Climate of the Hunter
If you like your horror gothic-tinged and existing somewhere between the strange and surreal, this singular, unsettling visual feast is for you.
It’s not just a similar title that Mickey Reece’s film shares with Scott Walker’s 1984 album Climate of Hunter. Both are working within a familiar genre, but pushing at the boundaries; for Walker it was the conventions of popular song, with Reece it’s a rebellion against lazier tropes of horror. The Oklahoman filmmaker has written and directed over 25 films in the space of a decade, but none has had the reach of this, his most accomplished work to date.
Climate of the Hunter unfolds in and around some wood. Wesley, who may possibly be a vampire, and his son Percy are invited to dinner and stay with their reclusive friend Alma. Also in attendance is her upstart sister Elizabeth and daughter Rose. There is little conventional plot beyond this set-up. Instead, what Reece delivers is a phantasmagoria of chills, psychedelia and surrealism. Alma’s reclusiveness has warped her sense of reality and it’s her perception of the world around her that transforms what we see.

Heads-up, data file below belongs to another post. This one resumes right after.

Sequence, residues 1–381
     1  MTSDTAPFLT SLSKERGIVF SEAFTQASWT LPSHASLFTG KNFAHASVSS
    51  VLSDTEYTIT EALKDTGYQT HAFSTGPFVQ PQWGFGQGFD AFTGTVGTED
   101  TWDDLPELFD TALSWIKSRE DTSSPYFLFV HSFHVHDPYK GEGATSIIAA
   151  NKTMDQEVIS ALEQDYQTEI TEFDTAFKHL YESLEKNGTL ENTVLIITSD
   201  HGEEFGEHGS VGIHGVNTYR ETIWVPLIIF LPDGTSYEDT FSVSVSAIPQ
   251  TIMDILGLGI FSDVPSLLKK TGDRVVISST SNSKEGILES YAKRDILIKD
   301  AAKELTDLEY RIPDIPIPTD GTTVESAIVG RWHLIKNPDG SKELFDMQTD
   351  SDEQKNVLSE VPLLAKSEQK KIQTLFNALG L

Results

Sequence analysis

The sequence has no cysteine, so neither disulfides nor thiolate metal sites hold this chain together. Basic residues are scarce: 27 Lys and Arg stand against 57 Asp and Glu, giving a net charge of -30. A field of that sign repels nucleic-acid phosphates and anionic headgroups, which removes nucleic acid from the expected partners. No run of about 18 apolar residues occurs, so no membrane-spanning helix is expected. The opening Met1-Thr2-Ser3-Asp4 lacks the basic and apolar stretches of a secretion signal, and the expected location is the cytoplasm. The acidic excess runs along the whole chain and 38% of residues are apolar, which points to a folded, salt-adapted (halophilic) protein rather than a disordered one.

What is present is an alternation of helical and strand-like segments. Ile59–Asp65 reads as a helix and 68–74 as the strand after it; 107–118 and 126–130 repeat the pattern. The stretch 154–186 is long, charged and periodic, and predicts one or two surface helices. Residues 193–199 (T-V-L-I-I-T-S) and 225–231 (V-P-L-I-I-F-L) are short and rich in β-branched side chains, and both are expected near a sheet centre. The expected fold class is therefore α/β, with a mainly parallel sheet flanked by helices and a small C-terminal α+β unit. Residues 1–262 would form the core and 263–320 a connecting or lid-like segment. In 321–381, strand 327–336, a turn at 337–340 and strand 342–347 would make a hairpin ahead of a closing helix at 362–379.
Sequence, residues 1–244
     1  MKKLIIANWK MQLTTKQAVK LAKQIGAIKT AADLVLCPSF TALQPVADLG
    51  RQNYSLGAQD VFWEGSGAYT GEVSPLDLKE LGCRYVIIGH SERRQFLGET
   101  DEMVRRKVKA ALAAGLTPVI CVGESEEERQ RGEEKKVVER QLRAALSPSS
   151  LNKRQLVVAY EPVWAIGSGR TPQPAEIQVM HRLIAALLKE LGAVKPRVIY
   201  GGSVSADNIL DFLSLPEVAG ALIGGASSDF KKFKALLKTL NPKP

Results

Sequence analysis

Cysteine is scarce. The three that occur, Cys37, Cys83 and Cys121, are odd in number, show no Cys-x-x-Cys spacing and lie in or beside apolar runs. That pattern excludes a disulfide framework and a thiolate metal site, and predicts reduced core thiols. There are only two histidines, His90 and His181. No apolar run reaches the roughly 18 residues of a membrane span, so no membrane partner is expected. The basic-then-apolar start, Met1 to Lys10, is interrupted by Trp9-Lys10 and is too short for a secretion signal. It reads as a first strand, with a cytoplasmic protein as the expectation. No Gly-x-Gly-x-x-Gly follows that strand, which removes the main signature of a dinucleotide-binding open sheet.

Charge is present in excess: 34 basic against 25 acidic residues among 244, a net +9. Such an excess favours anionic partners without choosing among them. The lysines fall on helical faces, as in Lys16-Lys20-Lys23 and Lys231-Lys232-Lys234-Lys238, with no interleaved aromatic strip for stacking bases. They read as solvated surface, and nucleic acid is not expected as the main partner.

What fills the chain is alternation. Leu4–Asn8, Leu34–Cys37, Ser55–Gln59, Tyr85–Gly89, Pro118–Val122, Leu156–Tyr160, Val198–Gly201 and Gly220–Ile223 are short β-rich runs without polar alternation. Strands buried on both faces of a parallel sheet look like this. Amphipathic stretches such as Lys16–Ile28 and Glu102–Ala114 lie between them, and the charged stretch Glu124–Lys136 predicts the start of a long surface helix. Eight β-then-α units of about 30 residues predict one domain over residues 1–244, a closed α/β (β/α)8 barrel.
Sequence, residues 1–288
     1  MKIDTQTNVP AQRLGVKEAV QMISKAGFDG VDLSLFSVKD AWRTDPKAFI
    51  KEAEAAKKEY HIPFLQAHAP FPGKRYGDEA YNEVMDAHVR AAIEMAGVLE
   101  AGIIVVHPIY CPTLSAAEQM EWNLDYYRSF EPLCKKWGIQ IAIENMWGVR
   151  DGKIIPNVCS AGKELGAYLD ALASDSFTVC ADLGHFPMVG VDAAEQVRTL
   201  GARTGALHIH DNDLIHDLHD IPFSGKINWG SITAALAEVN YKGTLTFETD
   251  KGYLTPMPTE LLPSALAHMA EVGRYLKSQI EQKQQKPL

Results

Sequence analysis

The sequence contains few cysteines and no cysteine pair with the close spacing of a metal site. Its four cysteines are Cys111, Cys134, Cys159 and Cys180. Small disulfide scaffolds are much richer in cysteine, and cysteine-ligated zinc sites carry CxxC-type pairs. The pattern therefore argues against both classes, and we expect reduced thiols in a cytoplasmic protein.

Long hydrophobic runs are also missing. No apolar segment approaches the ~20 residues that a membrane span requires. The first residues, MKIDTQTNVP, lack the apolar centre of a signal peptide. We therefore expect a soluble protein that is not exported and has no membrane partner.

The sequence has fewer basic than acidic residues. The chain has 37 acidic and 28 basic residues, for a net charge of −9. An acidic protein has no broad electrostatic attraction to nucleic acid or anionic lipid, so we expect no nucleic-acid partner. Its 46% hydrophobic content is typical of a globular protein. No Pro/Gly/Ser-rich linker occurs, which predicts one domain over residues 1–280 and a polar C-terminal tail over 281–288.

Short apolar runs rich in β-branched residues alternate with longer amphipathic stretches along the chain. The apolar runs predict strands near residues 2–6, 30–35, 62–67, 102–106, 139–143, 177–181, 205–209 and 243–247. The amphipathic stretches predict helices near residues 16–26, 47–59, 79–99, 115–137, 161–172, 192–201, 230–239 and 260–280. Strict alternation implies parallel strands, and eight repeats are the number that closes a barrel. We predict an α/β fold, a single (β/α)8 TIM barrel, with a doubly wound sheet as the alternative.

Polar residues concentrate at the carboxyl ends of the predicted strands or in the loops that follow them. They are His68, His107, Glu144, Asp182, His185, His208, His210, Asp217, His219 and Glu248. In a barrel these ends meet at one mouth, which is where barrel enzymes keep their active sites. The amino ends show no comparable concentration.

Imagine the more outré elements of Ben Wheatley’s horror output shot through with the existential angst of Ingmar Bergman, yet remaining slyly, knowingly funny. Conversations tip towards the absurd at times and even chapter headings are in Portuguese. But that only adds to the cult attraction of the film and, oddly, makes it even more enticing a watch. And at a swift 82 minutes, the film smartly never outstays its welcome. It’s arguably the weirdest, most appealing cult film since Mandy.